The Raspberry Pi, a British-built tiny computer that costs around £35, has revolutionised the way people have gone about learning to code in the past two years.
The credit-card sized computer can plug into a monitor and keyboard, and makes a fun little unit to which the open-source operating system can let you do anything you dream of. At the very least, you can carry out basic PC functions on it like word processing, spreadsheets, and learning to code.
Here’s a list of some of the coolest uses tinkerers around the world have put their Pi to. But what about the basics? If you have all the right components, the Raspberry Pi can make a very cheap, DIY PC for your home.
Here’s what you’ll need:
Raspberry Pi Model B
Optional Raspberry Pi Case
MicroUSB 5V power cable
USB Keyboard and mouse
8GB SD card (this is the Pi’s storage device)
Ethernet cable (or Wi-FI dongle)
Optional PC speakers
Places like schools and businesses can put the Raspberry Pi to economically-valuable use, creating a fleet of PCs for just a fraction of the cost of standard, pre-built machines, and they can also be carried around very easily if they’re in cases. Sure, the hardware specs won’t blow anything out of the water, but for learning to code, programming, and having fun with technology, the Pi is a solid bet.
All the information and how-to you need can be found across varying forums and the Raspberry Pi website. Here’s our basic, broken down guide to making a working PC from the Pi.
1) Download the Pi’s New Out of Box Software (NOOBS) onto your SD card.
2) Power up the Pi with the 5v micro USB. The Pi Foundation recommends a 1.2A power supply, as this will give you ample power.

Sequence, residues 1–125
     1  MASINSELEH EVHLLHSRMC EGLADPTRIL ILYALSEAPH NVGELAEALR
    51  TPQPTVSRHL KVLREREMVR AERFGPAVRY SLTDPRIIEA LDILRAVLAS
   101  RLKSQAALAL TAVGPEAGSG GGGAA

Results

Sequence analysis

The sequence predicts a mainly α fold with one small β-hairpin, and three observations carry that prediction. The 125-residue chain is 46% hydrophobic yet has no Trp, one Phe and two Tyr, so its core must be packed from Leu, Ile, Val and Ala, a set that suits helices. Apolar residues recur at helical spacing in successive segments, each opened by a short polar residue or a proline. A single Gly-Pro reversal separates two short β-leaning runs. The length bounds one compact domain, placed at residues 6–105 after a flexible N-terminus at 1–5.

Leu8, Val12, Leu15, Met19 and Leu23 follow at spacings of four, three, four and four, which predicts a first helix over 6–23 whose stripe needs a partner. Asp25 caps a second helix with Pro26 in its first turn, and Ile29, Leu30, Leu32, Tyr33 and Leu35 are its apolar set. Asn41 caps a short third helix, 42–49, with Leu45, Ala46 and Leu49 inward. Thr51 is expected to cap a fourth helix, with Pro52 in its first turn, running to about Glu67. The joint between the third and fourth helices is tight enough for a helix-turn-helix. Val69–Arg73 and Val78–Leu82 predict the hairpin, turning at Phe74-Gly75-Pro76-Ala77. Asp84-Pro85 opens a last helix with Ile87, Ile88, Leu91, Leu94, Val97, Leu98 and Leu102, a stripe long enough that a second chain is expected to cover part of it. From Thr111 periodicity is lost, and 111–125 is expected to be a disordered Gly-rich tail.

3) Connect up the USB mouse, keyboard, and then connect the unit to your monitor. Conect to the Internet via ethernet or Wi-Fi
4) Connect speakers to the audio jack if you wish.
It really is as simple as that. Here’s the handy quick start guide from the Raspberry Pi Foundation.
Of course, with a great developer community associated with programming, and the sheer volume of interest in the Pi, one Kickstarter projects aims to do all of this hard work for you.
Kano absolutely smashed its Kickstarter goal, and is now preparing to ship its Lego-inspired kits which come with everything but a monitor, all ready to start using Pi and learn to code. The kit looks attractive, is very easy to set up and drops you right at the start of the learning curve, allowing you to build up confidence and then use its pre-installed software to start programming with games like Pong and Minecraft.
Kano bills its computer kits "for all ages, all over the world," and will start general shipping in July. In the UK, the Kano kit costs just £79 (this includes a Raspberry Pi unit) so it’s brilliant value for money.
"Like the Raspberry Pi, the "brain" at the heart of its kit, Kano is based in the Britain, where coding will enter the core curriculum for all students this September," said Kano.
What you get with Kano
So with this kit, all you need to pick up is a monitor, and you can be off, learning to code and surfing the web with a machine put together by yourself.